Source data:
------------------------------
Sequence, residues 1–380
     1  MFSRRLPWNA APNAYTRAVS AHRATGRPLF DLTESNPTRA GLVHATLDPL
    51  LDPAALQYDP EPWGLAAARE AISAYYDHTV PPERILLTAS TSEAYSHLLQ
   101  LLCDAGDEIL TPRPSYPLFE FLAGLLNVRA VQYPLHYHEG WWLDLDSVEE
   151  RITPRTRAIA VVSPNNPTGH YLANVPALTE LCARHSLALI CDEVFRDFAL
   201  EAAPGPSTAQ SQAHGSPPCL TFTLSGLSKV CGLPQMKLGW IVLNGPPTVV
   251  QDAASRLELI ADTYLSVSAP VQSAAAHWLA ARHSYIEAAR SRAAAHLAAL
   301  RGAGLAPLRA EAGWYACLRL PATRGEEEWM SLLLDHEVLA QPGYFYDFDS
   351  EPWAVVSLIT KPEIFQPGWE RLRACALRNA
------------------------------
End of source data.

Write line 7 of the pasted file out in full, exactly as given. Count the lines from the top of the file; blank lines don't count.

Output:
   251  QDAASRLELI ADTYLSVSAP VQSAAAHWLA ARHSYIEAAR SRAAAHLAAL